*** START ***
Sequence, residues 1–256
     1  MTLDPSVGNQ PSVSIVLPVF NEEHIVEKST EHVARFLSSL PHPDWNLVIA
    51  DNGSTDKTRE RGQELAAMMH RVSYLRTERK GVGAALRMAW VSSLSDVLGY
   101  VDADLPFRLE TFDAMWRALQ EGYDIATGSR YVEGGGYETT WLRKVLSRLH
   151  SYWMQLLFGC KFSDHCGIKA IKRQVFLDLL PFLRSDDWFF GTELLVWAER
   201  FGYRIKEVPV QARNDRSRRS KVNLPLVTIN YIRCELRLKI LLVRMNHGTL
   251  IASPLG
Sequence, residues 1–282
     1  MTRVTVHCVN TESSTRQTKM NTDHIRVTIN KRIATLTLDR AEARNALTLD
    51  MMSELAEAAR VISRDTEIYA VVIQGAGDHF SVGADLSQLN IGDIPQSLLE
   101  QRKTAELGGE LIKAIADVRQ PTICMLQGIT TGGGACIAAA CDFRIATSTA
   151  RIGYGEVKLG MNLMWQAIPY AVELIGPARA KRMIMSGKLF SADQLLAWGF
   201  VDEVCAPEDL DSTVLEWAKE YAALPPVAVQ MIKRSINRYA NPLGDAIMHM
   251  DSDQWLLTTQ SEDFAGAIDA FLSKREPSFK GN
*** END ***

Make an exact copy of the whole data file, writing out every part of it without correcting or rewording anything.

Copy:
Sequence, residues 1–256
     1  MTLDPSVGNQ PSVSIVLPVF NEEHIVEKST EHVARFLSSL PHPDWNLVIA
    51  DNGSTDKTRE RGQELAAMMH RVSYLRTERK GVGAALRMAW VSSLSDVLGY
   101  VDADLPFRLE TFDAMWRALQ EGYDIATGSR YVEGGGYETT WLRKVLSRLH
   151  SYWMQLLFGC KFSDHCGIKA IKRQVFLDLL PFLRSDDWFF GTELLVWAER
   201  FGYRIKEVPV QARNDRSRRS KVNLPLVTIN YIRCELRLKI LLVRMNHGTL
   251  IASPLG
Sequence, residues 1–282
     1  MTRVTVHCVN TESSTRQTKM NTDHIRVTIN KRIATLTLDR AEARNALTLD
    51  MMSELAEAAR VISRDTEIYA VVIQGAGDHF SVGADLSQLN IGDIPQSLLE
   101  QRKTAELGGE LIKAIADVRQ PTICMLQGIT TGGGACIAAA CDFRIATSTA
   151  RIGYGEVKLG MNLMWQAIPY AVELIGPARA KRMIMSGKLF SADQLLAWGF
   201  VDEVCAPEDL DSTVLEWAKE YAALPPVAVQ MIKRSINRYA NPLGDAIMHM
   251  DSDQWLLTTQ SEDFAGAIDA FLSKREPSFK GN